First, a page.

Culture Club’s Boy George: the original gender-fluid pop icon versus the modern world

  • 08 Nov, 2018

    story of the day

    As frontman of Culture Club, Boy George became one of the most famous faces of the '80s. Now reunited with his bandmates following a wide-ranging career that's included solo projects, club DJing and talent show panel-ing, he's still on his fieriest form, finds Dan Stubbs, as they ramble through people on phones at gigs, politics, the offended generation and the queer pop revolution

    A midweek afternoon in a central London PR agency office. When Boy George hears I’m here from NME, he seems to prickle a little. It’s the day after Richard Ashcroft ceremonially burned a copy of NME on his Instagram in response to a two-star review, and – as ever when meeting those with a storied career – it’s worth checking to see how and when NME predecessors have annoyed them. But not Boy George, apparently.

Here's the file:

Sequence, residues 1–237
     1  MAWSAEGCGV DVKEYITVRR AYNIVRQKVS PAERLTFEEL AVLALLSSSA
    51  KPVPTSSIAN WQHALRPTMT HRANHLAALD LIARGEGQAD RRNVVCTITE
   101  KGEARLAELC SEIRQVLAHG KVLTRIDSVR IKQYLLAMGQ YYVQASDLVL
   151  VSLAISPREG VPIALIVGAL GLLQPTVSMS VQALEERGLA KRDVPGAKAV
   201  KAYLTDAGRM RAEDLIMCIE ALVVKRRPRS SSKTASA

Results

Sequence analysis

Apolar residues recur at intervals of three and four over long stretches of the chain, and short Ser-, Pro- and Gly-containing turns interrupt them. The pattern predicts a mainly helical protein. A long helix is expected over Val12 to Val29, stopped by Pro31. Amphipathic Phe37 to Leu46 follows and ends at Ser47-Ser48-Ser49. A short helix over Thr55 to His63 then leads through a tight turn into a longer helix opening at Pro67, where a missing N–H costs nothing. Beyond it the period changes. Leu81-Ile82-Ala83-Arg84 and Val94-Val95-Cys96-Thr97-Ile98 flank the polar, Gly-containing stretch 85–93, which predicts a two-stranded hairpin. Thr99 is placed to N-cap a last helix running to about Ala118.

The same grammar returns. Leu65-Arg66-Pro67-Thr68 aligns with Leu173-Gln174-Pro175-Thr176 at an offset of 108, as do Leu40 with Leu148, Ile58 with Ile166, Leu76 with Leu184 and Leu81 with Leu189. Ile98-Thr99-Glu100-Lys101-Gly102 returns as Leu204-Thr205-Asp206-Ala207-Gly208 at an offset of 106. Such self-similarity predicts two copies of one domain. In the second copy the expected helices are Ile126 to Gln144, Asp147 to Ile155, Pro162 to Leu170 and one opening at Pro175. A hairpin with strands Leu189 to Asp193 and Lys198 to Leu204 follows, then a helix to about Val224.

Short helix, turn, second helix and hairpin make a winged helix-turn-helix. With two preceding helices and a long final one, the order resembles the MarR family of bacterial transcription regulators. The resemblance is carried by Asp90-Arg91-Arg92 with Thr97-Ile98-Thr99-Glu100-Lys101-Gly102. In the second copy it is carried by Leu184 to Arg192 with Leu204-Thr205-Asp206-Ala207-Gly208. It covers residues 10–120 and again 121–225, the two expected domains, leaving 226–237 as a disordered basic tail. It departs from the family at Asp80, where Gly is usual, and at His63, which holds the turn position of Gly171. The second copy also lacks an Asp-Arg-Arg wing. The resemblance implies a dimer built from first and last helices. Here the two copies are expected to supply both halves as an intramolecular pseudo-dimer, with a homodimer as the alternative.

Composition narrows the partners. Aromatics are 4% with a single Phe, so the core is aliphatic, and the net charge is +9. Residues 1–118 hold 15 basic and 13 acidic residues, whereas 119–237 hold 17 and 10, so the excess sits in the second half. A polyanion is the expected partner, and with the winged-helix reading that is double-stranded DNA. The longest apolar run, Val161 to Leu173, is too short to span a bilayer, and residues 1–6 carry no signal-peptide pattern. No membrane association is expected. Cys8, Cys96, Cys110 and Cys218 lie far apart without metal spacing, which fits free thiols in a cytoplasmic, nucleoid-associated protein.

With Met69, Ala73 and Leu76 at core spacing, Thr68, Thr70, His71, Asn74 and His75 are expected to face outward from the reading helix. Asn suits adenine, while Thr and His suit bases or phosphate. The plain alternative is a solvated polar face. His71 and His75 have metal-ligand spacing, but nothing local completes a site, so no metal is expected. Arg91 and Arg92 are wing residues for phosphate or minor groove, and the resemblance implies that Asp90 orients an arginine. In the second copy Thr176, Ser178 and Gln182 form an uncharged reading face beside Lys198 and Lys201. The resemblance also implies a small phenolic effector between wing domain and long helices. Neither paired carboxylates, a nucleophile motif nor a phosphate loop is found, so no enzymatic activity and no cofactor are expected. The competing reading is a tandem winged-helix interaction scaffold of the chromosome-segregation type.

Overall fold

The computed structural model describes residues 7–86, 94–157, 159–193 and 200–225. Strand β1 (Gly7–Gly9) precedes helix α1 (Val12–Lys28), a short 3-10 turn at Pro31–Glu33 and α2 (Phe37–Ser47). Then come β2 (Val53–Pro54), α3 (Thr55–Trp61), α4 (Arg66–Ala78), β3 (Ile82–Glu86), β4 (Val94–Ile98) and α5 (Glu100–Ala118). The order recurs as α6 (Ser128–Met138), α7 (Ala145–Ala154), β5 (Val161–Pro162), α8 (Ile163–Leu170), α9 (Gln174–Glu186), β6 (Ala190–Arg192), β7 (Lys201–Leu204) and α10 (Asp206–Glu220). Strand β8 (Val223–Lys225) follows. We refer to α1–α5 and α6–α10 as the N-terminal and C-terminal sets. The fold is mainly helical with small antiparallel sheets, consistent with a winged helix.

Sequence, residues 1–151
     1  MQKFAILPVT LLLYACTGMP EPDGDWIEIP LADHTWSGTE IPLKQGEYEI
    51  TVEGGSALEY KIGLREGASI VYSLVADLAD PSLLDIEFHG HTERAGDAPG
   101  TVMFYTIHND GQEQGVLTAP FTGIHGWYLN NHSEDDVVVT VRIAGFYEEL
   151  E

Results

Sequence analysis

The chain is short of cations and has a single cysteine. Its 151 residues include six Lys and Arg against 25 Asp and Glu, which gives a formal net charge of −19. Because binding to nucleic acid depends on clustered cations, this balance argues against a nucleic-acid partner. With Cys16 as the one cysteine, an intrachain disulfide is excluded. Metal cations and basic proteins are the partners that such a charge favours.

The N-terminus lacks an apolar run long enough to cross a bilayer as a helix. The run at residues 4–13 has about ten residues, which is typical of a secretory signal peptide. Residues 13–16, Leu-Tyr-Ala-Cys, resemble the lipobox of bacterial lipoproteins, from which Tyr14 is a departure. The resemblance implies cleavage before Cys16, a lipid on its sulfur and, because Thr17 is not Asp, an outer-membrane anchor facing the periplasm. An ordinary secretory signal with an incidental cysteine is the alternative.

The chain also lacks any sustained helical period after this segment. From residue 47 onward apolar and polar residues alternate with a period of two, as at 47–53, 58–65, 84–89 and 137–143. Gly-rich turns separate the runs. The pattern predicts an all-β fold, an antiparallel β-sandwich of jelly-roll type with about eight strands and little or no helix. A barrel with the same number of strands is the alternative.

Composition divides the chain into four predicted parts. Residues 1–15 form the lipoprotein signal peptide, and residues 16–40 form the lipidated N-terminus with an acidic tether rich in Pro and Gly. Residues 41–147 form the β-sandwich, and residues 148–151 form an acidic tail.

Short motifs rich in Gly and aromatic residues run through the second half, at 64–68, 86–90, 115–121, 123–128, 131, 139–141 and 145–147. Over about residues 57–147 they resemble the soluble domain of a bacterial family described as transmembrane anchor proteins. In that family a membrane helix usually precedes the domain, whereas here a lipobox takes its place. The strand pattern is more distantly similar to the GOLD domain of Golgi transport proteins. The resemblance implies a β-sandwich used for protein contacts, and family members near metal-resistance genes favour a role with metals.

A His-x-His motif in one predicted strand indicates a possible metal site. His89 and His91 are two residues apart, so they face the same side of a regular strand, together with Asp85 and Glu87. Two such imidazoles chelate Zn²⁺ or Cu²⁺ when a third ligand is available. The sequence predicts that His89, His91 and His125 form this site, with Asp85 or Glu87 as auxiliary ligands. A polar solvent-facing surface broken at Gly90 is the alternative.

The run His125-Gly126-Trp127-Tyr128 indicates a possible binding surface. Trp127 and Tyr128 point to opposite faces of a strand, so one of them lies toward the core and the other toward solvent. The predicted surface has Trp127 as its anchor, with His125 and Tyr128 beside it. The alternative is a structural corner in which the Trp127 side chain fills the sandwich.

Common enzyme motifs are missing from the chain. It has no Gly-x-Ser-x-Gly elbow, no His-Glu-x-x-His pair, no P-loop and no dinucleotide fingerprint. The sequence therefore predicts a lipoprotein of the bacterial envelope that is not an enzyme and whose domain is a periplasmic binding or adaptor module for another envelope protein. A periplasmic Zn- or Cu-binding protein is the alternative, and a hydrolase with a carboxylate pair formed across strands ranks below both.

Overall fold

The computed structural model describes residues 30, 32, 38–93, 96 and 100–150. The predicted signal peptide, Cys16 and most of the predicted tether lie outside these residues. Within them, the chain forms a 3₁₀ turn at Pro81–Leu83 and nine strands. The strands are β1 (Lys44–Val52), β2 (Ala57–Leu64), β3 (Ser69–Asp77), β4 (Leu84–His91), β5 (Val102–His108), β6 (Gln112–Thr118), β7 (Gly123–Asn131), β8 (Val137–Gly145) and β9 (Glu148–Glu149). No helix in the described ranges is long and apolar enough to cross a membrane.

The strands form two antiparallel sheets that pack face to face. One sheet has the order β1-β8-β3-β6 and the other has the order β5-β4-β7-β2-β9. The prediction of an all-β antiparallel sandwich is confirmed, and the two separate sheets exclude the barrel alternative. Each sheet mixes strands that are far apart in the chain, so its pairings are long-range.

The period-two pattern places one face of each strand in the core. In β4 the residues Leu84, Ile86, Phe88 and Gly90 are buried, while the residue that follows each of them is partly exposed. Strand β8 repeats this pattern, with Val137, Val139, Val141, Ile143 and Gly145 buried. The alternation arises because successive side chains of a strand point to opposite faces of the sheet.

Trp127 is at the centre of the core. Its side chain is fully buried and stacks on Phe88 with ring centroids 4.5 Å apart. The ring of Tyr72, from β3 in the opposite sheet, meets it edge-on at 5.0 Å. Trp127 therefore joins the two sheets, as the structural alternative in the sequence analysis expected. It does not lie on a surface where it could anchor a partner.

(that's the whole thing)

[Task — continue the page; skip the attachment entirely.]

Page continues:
“I’ve had more bad reviews in NME than I’ve had hot dinners, but I don’t bear a grudge,” he says. In fact, there was a time when he used to pop into the office on the reg. “I was promoting this band called Theatre Of Hate and I used to go in, ‘You should write about Theatre Of Hate’. I was a right little busy body.”

    And with that, Boy George is thumbing through his phone to find the file, and blasts out a track in which, yes, he duets with Gladys Knight. He’s in full CEO mode at the moment, promoting the album, heading out on tour. Just like a rake, Boy George will keep popping up for the foreseeable.

    ‘Life’, by Culture Club, is out now. The band are touring the UK. 

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